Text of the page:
From Wall Street to Silicon Valley, TaskRabbit COO Explains the Key to Transitioning Successfully
Black Enterprise Magazine January-March 2019 Issue COO Stacy Brown-Philpot

It is rare to find a black woman who holds a C-suite position in Silicon Valley. Stacy Brown Philpot is one such rarity.

The Detroit-born dynamo is a master at building and scaling global juggernaut companies. She spent nine years working in different director-level positions at Google, and since landing the role of COO at TaskRabbit, the company has expanded internationally–now operating in 20 cities across the U.S. and Europe with some 30,000 taskers. It also launched a marquee partnership with Amazon, which lets taskers deliver home services to Amazon customers.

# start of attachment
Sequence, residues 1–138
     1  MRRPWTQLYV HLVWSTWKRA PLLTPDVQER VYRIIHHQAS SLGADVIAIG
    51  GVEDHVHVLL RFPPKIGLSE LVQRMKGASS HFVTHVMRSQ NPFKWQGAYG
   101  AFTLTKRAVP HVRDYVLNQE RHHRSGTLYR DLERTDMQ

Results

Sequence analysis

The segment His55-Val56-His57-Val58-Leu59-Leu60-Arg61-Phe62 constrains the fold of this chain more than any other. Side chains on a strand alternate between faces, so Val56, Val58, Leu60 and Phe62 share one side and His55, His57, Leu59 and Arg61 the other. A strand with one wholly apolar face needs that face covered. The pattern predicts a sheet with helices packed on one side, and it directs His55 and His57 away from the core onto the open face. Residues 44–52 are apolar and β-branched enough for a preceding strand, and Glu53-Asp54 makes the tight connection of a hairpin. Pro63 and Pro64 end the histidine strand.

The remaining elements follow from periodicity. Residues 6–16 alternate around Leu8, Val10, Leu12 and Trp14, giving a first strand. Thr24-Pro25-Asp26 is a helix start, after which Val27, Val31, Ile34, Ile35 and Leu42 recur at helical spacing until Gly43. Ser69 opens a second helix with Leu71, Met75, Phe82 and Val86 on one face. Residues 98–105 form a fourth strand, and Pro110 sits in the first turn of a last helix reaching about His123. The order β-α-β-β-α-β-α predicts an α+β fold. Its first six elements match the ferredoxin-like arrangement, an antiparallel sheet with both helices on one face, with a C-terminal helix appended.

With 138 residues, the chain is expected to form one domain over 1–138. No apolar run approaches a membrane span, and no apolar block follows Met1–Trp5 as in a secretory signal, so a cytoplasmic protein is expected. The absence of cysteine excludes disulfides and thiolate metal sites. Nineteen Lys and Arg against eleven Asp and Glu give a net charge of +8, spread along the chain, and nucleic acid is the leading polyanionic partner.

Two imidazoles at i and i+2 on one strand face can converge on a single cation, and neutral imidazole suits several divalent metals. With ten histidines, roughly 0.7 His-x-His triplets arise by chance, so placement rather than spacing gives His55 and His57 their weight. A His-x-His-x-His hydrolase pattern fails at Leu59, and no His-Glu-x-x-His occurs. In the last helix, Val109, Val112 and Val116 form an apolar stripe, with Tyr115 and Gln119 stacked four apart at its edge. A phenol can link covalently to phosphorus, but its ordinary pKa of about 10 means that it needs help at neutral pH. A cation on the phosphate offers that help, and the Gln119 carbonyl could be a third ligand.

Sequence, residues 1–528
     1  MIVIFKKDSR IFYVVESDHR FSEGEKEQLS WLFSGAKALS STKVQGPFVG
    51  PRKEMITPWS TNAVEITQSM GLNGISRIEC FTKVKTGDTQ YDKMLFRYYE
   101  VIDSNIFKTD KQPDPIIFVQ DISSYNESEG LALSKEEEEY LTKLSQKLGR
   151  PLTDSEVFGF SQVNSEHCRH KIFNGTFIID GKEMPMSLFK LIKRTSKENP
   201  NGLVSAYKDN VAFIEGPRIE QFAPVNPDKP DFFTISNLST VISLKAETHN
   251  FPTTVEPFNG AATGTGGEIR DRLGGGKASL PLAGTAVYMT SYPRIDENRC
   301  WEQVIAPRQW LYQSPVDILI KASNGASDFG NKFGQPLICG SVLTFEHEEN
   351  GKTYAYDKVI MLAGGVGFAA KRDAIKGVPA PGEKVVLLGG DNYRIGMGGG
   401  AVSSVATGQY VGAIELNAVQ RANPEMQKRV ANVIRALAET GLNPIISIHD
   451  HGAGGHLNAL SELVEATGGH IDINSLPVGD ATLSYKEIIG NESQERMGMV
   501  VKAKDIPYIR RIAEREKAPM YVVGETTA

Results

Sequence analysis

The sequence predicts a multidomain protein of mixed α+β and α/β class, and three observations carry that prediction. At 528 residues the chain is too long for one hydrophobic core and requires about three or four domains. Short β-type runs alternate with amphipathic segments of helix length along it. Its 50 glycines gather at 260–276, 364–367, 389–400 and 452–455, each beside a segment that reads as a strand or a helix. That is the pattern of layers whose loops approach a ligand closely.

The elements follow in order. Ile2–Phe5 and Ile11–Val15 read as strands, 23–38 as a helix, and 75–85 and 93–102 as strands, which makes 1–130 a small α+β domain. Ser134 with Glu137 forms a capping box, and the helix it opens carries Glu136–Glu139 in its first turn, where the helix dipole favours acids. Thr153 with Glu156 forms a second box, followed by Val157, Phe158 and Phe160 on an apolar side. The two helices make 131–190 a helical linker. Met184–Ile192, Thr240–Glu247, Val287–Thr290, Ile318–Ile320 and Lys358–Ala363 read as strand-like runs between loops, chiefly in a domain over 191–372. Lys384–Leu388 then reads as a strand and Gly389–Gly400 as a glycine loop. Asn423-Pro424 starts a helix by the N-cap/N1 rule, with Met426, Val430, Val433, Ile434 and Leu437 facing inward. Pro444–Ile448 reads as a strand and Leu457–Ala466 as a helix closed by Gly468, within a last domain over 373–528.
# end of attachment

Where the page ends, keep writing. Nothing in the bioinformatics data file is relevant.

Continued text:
In advance of Black Enterprise’s TechConneXt Summit, we spoke with Philpot about her transition from Wall Street to Silicon Valley, and what it means to be a non-technical professional in the new digital economy. What inspired you to switch lanes from companies like Goldman Sachs and PriceWaterhouseCoopers to high growth tech companies like Google and TaskRabbit?
Philpot: My experience in accounting and finance taught me how to evaluate good businesses. During my time at Goldman Sachs, I saw many companies in the tech industry creating value and entrepreneurs driving innovation in a way that was unlike any other industry. I was fascinated and wanted to learn more. This drove me to attend business school at Stanford in the heart of Silicon Valley. The pace of growth and opportunity for creativity and innovation is infectious, and I wanted to be a part of it.

What was that transition like for you?